The word Estrogen is most associated with women; however, let us remind ourselves that both men and women produce the same hormones – just in different quantities.

What is estrogen? Who needs estrogen? Why do we need estrogen?

Let’s find out what estrogen is. Estrogen is a sex hormone which comes from cholesterol. There are 3 types of estrogen: Estriol or E1, Estradiol or E2 and Estrone or E3. All are interconnected but the only active one is Estradiol/E2. Let us not use the word estrogen as a synonym to Estradiol/E2. Unfortunately, literature and research studies do not always make this distinction which often makes the results of certain studies confusing to the reader. In females, Estradiol/E2 is produced predominantly in the ovaries, and in males Estradiol/E2 comes from the transformation of testosterone into its two active components: Estradiol/E2 and dihydrotestosterone.

Estradiol/E2 attaches itself through receptors in the outer part of the cells (cell membranes) or inner part of the cells (cell nucleus) and mitochondria (our power houses).  These receptors are in most organs in the body, such as the salivary glands, brain, heart, inner lining of the blood vessels, skin, kidneys, bones, liver, intestines, prostate, ovaries, the inside lining of the uterus/endometrium, breast, hypothalamus, and ducts in the male genitalia.  Clearly estradiol receptors are vital to our health, as explained further in The Estrogen Receptors: An Overview from Different Perspectives – PubMed (

What does this translate to? In the brain and nervous system Estradiol/E2 can help protect our neurons (brain cells), thereby decreasing damage to the cells and decreasing the possibility of developing Alzheimer’s disease. See these articles for more detail: Estradiol, insulin-like growth factor-I and brain aging – PubMed ( and Cross-talk between IGF-I and estradiol in the brain: focus on neuroprotection – PubMed (

How does Estradiol/E2 affect the blood vessels and the heart? The inside of a blood vessel is called the endothelium. Blood vessels carry oxygen and nutrients to various parts of the body and take away waste and carbon dioxide. When the lining of the blood vessels gets damaged it develops calcifications on the blood vessel wall. Estradiol/E2 has been shown to decrease the calcium deposits in the blood vessel walls and can decrease the risk of heart attacks and strokes. See these articles for more detail: Timing of the vascular actions of estrogens in experimental and human studies: why protective early, and not when delayed? – PubMed ( and Vascular Effects of Early versus Late Postmenopausal Treatment with Estradiol – PubMed (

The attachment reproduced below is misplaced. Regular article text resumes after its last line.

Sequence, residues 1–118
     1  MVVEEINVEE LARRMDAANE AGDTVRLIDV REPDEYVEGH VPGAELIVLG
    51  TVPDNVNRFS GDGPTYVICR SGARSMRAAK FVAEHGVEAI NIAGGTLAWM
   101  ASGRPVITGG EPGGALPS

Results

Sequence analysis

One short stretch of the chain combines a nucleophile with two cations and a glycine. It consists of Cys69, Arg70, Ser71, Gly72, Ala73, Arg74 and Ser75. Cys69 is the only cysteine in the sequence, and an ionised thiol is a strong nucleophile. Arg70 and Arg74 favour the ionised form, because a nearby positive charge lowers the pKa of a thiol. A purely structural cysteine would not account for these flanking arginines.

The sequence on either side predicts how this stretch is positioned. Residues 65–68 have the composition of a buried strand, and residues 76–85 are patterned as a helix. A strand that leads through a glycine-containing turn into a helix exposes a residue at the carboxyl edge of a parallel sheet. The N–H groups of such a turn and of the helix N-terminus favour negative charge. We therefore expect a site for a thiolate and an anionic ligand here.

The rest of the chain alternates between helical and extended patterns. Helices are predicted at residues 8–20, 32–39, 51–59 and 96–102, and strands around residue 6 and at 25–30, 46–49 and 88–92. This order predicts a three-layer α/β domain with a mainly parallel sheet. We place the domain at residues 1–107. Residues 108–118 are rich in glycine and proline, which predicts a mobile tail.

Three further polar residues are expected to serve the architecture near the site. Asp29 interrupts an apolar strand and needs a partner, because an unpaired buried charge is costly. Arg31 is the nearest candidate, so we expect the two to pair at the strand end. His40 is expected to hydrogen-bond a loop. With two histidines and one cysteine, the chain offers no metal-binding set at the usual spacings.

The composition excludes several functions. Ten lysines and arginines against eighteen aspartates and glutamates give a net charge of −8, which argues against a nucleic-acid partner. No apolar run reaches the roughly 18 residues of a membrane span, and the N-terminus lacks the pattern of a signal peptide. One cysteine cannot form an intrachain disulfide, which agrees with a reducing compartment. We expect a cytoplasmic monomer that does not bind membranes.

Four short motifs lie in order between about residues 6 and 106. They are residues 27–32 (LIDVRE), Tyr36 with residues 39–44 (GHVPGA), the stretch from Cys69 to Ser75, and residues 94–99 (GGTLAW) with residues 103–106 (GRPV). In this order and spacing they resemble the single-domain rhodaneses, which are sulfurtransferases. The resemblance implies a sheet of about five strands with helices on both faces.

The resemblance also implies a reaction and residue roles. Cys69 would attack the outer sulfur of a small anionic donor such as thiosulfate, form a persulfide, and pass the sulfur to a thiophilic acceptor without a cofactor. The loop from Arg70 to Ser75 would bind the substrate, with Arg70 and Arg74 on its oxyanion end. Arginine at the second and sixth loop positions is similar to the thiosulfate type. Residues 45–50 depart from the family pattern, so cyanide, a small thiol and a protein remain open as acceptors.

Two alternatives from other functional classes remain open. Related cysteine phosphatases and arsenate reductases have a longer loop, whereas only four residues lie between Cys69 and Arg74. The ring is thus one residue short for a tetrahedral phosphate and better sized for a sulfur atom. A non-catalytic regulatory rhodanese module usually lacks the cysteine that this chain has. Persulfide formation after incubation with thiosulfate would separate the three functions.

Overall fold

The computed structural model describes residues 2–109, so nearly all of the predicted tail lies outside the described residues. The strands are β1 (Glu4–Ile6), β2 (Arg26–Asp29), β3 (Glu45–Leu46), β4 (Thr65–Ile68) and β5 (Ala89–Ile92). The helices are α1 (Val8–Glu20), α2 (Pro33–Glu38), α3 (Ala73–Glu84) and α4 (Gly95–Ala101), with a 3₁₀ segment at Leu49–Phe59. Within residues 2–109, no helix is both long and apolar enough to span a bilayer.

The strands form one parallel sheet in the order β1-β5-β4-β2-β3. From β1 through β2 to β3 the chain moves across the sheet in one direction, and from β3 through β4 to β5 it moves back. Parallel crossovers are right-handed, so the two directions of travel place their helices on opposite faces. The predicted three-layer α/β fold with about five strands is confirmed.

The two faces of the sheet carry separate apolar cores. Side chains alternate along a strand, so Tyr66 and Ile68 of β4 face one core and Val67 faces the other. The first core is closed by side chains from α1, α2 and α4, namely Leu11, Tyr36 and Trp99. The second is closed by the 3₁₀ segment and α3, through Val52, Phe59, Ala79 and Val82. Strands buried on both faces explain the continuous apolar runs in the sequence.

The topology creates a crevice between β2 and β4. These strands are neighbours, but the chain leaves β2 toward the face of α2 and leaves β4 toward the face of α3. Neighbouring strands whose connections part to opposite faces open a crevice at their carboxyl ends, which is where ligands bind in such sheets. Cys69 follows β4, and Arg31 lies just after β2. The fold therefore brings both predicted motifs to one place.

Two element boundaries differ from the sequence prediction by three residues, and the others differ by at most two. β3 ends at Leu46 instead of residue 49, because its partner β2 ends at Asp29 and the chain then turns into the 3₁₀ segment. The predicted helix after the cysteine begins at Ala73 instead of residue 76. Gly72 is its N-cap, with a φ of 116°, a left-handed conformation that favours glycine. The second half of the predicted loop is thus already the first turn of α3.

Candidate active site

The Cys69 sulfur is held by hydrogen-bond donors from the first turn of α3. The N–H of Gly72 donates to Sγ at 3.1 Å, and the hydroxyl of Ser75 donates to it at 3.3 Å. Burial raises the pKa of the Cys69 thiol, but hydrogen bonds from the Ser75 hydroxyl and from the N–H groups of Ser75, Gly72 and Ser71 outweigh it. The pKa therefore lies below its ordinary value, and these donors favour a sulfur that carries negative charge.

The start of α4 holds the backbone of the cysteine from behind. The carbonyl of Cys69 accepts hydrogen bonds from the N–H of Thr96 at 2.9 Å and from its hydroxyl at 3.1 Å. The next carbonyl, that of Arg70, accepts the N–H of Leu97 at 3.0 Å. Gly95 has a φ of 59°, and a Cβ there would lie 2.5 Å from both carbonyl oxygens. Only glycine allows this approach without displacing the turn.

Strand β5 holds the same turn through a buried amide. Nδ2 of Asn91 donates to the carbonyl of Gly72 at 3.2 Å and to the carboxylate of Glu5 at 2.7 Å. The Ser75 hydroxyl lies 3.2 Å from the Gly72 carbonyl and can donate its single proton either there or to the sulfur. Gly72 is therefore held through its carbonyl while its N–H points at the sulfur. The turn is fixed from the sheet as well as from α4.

What does Estradiol/E2 have to do with bone health? Have you ever heard of the saying “Estradiol does the bones good”? Well, I just made the phrase up, but it is true! There are many hormones involved in bone health, Estradiol being one of them. To mention a few of the other hormones which we will also talk about at another time are vitamin D3, liothyronine, testosterone, DHEA, and DHT. For more see Vascular Effects of Early versus Late Postmenopausal Treatment with Estradiol – PubMed (

In women, Estradiol/E2 is also responsible for the maturation of the follicles in the ovaries where the eggs or oocytes are developed and released in between menstrual cycles. So, it is very important in a woman’s fertility. In the breast it stimulates the growth of breast tissue.

This is a small glimpse of all the wonderful things that Estradiol/E2 is involved in.

Many things can affect our production, quality, and action of hormones. The air we breathe, the food we eat, what we wear, our surroundings. There is no safe place – our hormones are being affected from “in utero,” in other words before we were born.

As Estradiol/E2 levels decline diseases sneak up and increase. Are low levels of sex hormones, Estradiol/E2 included, partially responsible of declining human fertility? Why do we have so much obesity, diabetes, high blood pressure, high cholesterol, heart attacks, strokes, and cancer? Are we destined to be sick, develop diseases, battle diseases and cancer? Can we change the course of diseases and minimize the effect our environment has on our lives? The answer starts from within you. Are you willing to change, to reach and maintain a healthier, more joyful, more productive life?

Make an appointment. Talk to me today.  Let’s partner up on your journey to better health!

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